a (o) 0.000 1.836 1.836 4.310 4.310 4.310 4.435 4.474 6.870 14.382 7.468 18.022 Vb (kV) 15.095 14.537 14.537 14.099 14.099 14.099 14.045 14.067 2.229 2.127 0.266 0.240 b (o) -120.000 -119.041 -119.041 -117.386 -117.386 -117.386 -117.366 -117.324 -114.921 -108.317 -114.422 -104.719 Vc (kV) 15.095 14.640 14.640 14.334 14.334 14.334 14.300 14.329 2.273 2.186 0.272 0.247 c (o) 120.000 121.880 121.880 123.497 123.497 123.497 123.493 123.535 125.970 133.151 126.493 136.679

IMA (A) 54.642 A ( ) -66.480

o

B (o ) 178.137

C (o ) 55.092

Induction motor results: slip = 3.5% = 0.035 Stator Input Complex Power: 18.827 + j 12.794 kVA Converted Shaft Power: 17.454 kW

All the results reported above are in close agreement with the results reported in [1]. B. IEEE 34 Node Test Feeder With Induction Generators The one line diagram of this system is shown in Figure 2, as proposed in [7], and is based on the IEEE 34 Node Test Feeder [1]. Two three-phase induction generators with stepdown transformers have been added to the feeder, for the

Line 800-802 814r850 846-848 880-890 T1-G1 T2-G2 Ia (A) 35.756 35.756 14.105 100.889 909.428 1023.73 a (o) -61.231 -61.230 -178.111 -98.952 -147.690 -135.052 Ib (A) 30.426 27.526 12.796 102.656 919.410 1038.49 b (o) 175.283 171.049 65.202 140.729 94.346 105.134 Ic (A) 23.88 22.458 14.421 101.294 942.457 1034.08 c (o) 50.856 47.741 -57.983 20.021 -27.192 -15.666

Induction generator 1 results: slip = -0.8530125 % Stator Input Complex Power: -660.000 +j 331.292 kVA Converted Shaft Power: -670.411 kW Induction generator 2 results: slip = -1.0785586 % Stator Input Complex Power: -660.000 +j 353.130 kVA Converted Shaft Power: -673.096 kW

Line 800-802 814r-850 846-848 880-890 T1-G1 T2-G2 Ia (A) 34.129 34.129 14.010 98.680 927.325 1024.907 a (o) -59.552 -59.552 174.890 -99.232 -178.011 -165.527 Ib (A) 30.314 27.564 14.431 104.222 905.390 1030.266 b (o) 171.654 167.035 67.515 139.796 63.543 75.272 Ic (A) 25.591 24.108 13.066 101.809 937.982 1040.023 (o ) 53.432 50.689 -53.575 21.253 -56.083 -45.380

Table 7 Phase to Ground Voltage Nodes

Bus 800 814 814r 852 852r 832 836 848 888 890 G1 G2 Bus 948 990 Va (kV) 15.095 14.090 14.090 13.758 13.758 13.758 13.719 13.750 2.177 2.106 0.263 0.240 Vgn (kV) 0.00271 0.00305 a (o) 0.000 1.836 1.836 4.310 4.310 4.310 4.435 4.474 6.870 14.382 7.047 17.415 gn (o) 38.005 38.469 Vb (kV) 15.095 14.537 14.537 14.099 14.099 14.099 14.045 14.067 2.229 2.127 0.267 0.241 b (o) -120.000 -119.041 -119.041 -117.386 -117.386 -117.386 -117.366 -117.324 -114.921 -108.317 -113.857 -104.056 Vc (kV) 15.095 14.640 14.640 14.334 14.334 14.334 14.300 14.329 2.273 2.186 0.269 0.244 c (o) 120.000 121.880 121.880 123.497 123.497 123.497 123.493 123.535 125.970 133.151 126.339 136.618

Induction generator 1 results: slip = -0.8526303 % Stator Input Complex Power: -660.000 +j 331.263 kVA Converted Shaft Power: -670.406 kW Induction generator 2 results: slip = -1.0777549 % Stator Input Complex Power: -660.000 +j 353.030 kVA Converted Shaft Power: -673.086 kW

In the three cases the load flow converged with four iterations of the full Newton method. C. Induction Machine Test Case Figure 3 shows the one-line diagram of the unbalanced system proposed in [6].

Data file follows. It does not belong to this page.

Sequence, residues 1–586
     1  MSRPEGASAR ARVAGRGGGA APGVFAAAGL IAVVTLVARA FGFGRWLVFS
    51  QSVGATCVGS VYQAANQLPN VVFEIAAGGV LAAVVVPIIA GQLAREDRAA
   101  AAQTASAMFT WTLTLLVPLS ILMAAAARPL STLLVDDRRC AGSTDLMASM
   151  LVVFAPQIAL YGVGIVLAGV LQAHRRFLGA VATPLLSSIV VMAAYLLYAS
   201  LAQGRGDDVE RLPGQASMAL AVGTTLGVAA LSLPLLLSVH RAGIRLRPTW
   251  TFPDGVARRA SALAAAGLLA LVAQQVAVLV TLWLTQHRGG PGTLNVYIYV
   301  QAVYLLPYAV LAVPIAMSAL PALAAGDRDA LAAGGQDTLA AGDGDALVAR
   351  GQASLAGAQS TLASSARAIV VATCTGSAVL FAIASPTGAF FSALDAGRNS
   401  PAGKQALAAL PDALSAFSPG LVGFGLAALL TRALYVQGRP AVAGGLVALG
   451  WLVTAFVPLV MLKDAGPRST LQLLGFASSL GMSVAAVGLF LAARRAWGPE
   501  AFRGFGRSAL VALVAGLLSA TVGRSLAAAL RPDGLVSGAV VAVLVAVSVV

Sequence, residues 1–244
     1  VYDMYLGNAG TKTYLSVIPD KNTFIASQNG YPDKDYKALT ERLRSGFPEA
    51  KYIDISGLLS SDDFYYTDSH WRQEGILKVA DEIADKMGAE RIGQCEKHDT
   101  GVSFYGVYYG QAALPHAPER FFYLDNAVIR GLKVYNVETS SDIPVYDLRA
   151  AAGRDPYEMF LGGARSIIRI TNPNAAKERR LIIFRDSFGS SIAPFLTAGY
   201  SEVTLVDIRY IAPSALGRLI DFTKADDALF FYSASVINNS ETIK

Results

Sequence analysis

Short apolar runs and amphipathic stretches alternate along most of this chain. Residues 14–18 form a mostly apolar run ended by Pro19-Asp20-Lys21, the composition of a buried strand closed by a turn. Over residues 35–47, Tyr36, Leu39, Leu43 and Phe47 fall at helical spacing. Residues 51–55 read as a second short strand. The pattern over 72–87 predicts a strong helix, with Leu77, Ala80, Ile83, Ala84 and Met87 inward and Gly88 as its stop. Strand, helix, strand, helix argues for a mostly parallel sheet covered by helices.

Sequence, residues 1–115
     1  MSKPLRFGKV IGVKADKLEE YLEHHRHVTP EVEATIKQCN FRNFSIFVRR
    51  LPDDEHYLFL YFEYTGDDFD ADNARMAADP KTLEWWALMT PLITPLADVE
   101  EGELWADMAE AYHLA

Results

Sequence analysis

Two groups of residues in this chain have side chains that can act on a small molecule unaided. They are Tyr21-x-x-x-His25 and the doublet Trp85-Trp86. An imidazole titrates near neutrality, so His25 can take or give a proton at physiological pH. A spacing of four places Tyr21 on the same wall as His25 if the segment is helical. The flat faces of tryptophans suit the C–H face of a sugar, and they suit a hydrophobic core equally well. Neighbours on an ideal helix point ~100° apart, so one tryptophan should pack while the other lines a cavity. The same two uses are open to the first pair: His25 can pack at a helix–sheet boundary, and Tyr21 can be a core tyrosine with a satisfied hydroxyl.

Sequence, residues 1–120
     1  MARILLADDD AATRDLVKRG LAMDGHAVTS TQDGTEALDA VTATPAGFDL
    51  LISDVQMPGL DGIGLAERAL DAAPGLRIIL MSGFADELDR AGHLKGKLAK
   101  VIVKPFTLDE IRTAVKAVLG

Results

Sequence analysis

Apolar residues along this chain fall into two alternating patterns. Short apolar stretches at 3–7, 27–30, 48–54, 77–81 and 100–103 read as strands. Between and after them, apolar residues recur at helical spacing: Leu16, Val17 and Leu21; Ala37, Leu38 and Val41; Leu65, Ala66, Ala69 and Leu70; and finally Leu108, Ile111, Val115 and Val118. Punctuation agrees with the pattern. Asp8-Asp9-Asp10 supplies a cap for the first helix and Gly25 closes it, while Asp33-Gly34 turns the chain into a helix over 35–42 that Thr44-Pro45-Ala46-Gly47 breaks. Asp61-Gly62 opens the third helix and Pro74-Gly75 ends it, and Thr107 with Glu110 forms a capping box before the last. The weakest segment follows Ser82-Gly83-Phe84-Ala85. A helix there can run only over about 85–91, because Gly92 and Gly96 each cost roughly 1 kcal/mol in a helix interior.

DISTRIBUTION SYSTEM ANALYSIS INDUCTION MACHINE TEST CASE BUS2

Line 800-802 814r-850 846-848 880-890 T1-G1 T2-G2 Ia (A) 35.756 35.756 14.105 100.889 909.428 1023.732 a (o) -61.231 -61.230 -178.111 -98.952 -147.690 -135.052 Ib (A) 30.426 27.526 12.796 102.656 919.410 1038.487 b (o) 175.283 171.049 65.202 140.729 94.346 105.134 Ic (A) 23.881 22.458 14.421 101.294 942.457 1034.082 c (o) 50.856 47.741 -57.983 20.021 -27.192 -15.666

3 1

SOURCE

4

OTHER LOAD

BUS1

LINE

5

BUS2LV

SUBSTATION

Induction generator 1 results: slip = -0.8530125 % Stator Complex Power Input: -660.000 +j 331.292 kVA Converted Shaft Power: -670.411 kW Induction generator 2 results: slip = -1.0785586 % Stator Complex Power Input: -660.000 +j 353.130 kVA Converted Shaft Power: -673.096 kW

MOTOR LOAD

To solve this system the induction motor model having the slip as a state variable was used, because the electrical power input is considered constant at 1000kW in this test case. The results obtained with the proposed methodology are summarized below, and are in very close agreement with the those obtained in [6].

Table 11 Phase to Ground Voltage Nodes

c (o) 120.000 121.761 121.761 123.340 123.340 123.340 123.332 123.371 125.788 132.990 96.371 106.486 Bus 1 2 3 4 5 VAG (kV) 69.71505 69.69935 7.32274 6.80839 0.25251 A (o ) 0 -0.013 -33.139 -36.444 -39.221 VBG (kV) 69.71505 69.70236 7.38484 7.22876 0.26843 B (o ) -120 -120,010 -152.401 -154.862 -157.765 VCG (kV) 69.71505 69.70407 7.40100 7.20007 0.26527 C (o ) 120 119.986 88.268 87.690 85.038

Table 9 Phase to Ground Voltage Nodes

Bus 800 814 814r 852 852r 832 836 848 888 890 G1 G2 Va (kV) 15.095 14.175 14.175 13.897 13.897 13.897 13.865 13.900 2.202 2.136 0.265 0.241 a (o) 0.000 1.524 1.524 3.674 3.674 3.675 3.757 3.776 6.130 13.275 -23.684 -13.284 Vb (kV) 15.095 14.565 14.565 14.166 14.166 14.166 14.117 14.141 2.241 2.147 0.266 0.242 b (o) -120.000 -118.615 -118.615 -116.617 -116.617 -116.617 -116.554 -116.488 -114.031 -107.081 -143.179 -133.257 Vc (kV) 15.095 14.531 14.531 14.133 14.133 14.133 14.087 14.110 2.236 2.136 0.268 0.242

1-2 3-4 IA (A) 34.223 360.115 A ( ) -29.885 -55.972

o

B (o ) -151.188 -174.532

B (o ) 101.259 59.814

ILAN (A) 309.221 A ( ) -54.639

o

B (o ) -173.057

CN (o) 61.848

IMA (A) 1337.454 A (o ) -64.003 IMB (A) 1445.176 B (o ) 179.664 IMC (A) 1470.565 C (o ) 54.263